If there was ever a time for honest journalism, I cannot think of a better time than today.
After all, there is hardly a day that goes by that we do not learn of some agency or institution that been caught in a lie.
That we learn of the lie comes not from mainstream media, but from small, independent organizations or citizen journalists.
Take the World Health Organization, for example.
WHO’s head Dr. Tedros Adhanom Ghebreyesus (he’s not a medical doctor, by the way) claimed that China was forthcoming about when it first learned about the virus and it had promptly informed the agency as required by treaty.
Now we learn that, in fact, was an outright lie. WHO did not learn about the Wuhan virus until Chinese doctors had posted to a United States website.
According to the FreeBeacon, the international agency quietly updated its timeline at the beginning of the month.
For months, however, Tedros and other officials within WHO let everyone believe that China had complied with its treaty obligations and was being falsely accused by President Trump of misleading the world.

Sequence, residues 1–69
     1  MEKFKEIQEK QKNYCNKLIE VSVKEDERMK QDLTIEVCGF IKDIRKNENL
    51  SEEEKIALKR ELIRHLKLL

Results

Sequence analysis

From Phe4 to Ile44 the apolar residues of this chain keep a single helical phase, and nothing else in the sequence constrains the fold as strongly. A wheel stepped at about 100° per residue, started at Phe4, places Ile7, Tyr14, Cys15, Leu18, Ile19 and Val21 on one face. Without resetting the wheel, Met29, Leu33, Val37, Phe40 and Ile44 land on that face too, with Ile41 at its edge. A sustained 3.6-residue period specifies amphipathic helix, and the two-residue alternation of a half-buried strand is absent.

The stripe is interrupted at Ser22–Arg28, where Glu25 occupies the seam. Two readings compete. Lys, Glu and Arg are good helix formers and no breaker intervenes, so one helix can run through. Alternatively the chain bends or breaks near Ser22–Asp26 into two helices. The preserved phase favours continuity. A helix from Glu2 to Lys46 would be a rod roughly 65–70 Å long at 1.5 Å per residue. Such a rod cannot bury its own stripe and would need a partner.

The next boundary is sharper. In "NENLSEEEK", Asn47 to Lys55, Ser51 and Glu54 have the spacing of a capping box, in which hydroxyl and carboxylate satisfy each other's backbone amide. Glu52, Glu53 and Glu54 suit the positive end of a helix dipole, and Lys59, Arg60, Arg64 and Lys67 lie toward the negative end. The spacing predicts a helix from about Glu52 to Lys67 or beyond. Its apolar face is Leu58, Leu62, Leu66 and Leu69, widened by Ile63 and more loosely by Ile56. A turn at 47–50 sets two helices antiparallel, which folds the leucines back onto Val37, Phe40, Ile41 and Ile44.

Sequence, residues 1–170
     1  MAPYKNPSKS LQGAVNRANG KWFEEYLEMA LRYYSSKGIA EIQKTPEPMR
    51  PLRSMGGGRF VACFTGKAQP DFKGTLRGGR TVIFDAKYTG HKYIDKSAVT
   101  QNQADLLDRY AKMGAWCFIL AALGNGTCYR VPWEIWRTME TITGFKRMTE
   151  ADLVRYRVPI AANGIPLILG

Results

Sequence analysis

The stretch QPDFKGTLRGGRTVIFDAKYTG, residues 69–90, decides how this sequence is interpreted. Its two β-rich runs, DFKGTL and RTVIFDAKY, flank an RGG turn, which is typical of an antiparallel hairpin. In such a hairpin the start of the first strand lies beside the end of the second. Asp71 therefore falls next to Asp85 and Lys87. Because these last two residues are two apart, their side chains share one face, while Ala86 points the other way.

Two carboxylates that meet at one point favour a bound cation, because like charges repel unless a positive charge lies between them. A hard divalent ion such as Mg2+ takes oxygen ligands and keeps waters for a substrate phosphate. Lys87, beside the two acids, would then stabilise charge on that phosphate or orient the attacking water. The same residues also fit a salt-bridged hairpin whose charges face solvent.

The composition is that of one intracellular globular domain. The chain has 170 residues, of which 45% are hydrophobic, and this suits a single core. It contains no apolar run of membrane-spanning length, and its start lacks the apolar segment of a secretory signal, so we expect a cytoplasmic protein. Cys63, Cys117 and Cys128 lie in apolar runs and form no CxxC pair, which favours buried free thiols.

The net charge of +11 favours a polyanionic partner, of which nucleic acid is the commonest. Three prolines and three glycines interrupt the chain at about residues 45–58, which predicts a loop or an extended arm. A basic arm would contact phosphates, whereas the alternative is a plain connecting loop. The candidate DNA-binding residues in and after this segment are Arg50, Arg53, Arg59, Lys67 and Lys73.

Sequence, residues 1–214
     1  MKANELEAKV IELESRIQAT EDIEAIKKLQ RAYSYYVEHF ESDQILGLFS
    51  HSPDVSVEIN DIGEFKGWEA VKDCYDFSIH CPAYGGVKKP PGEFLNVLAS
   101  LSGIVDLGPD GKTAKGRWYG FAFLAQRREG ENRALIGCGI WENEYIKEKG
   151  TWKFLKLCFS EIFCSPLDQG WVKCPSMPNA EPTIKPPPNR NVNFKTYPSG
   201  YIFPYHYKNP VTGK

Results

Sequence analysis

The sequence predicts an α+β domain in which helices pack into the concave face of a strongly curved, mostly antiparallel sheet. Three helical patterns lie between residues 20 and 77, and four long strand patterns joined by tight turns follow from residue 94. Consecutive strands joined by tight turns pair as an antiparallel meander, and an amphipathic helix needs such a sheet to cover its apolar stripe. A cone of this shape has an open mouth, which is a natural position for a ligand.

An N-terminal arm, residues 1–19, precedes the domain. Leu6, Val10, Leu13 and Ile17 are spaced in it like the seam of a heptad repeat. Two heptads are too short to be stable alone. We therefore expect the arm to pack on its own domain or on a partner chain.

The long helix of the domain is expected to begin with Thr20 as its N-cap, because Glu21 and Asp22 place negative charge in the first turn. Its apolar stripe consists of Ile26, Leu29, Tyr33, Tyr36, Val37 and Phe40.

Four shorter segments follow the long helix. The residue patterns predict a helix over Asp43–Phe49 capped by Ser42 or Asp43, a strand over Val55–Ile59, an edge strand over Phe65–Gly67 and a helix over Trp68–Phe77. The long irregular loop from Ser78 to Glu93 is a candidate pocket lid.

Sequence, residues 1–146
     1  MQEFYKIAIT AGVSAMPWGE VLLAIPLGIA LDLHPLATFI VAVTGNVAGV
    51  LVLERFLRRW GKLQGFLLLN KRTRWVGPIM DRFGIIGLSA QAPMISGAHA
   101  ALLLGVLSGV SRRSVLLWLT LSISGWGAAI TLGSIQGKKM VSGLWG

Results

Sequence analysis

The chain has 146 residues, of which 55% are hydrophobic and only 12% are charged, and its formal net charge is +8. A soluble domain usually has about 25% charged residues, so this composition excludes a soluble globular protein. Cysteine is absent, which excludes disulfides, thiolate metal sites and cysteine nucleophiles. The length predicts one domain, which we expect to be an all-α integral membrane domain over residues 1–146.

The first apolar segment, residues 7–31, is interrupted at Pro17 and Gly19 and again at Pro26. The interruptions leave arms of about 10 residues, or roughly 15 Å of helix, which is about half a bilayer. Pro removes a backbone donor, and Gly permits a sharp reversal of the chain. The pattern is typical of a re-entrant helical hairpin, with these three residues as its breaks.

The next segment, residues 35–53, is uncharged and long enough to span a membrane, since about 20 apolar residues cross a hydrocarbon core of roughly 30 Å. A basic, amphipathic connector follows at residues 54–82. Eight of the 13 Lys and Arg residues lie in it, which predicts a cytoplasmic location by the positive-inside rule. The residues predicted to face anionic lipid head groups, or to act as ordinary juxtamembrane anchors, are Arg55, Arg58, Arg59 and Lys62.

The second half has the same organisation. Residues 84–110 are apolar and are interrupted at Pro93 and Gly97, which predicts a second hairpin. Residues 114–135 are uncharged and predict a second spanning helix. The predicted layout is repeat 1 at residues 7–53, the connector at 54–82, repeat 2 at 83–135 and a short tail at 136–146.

Tedros went out of his way to praise China for its openness.
Those of us older than the current crop of youngsters who think they are journalists, but are mere stenographers, were highly skeptical.
This, after all, was not the first pandemic born in China and the country’s communist rulers have a long history of not telling the truth.
But journalists today are not interested in questioning authority. The concern of this generation of journalist is to advance the cause of social justice. There is no objective truth, just the “truth” that advances their cause.
I have lost a great number of friends over my assertion that journalism is dead. It’s sad, but it is dead.
There are, of course, a few journalists worthy of the name, but they are few and far between.
And now that Big Tech is bowing down to the Left, Twitter and Facebook – mainstream social media – will soon become the home of curated news – the news that you will be allowed to read.
The alternative news sites will still be available, but their reach will be diminished.
Eventually, the Internet Service Providers will come under pressure to take those sites down.
Or perhaps governments will follow Canada’s lead and require news sites to be licensed and organizations will forfeit that license if they do not toe the line.
These are truly Orwellian days.
What a sad end to civilization.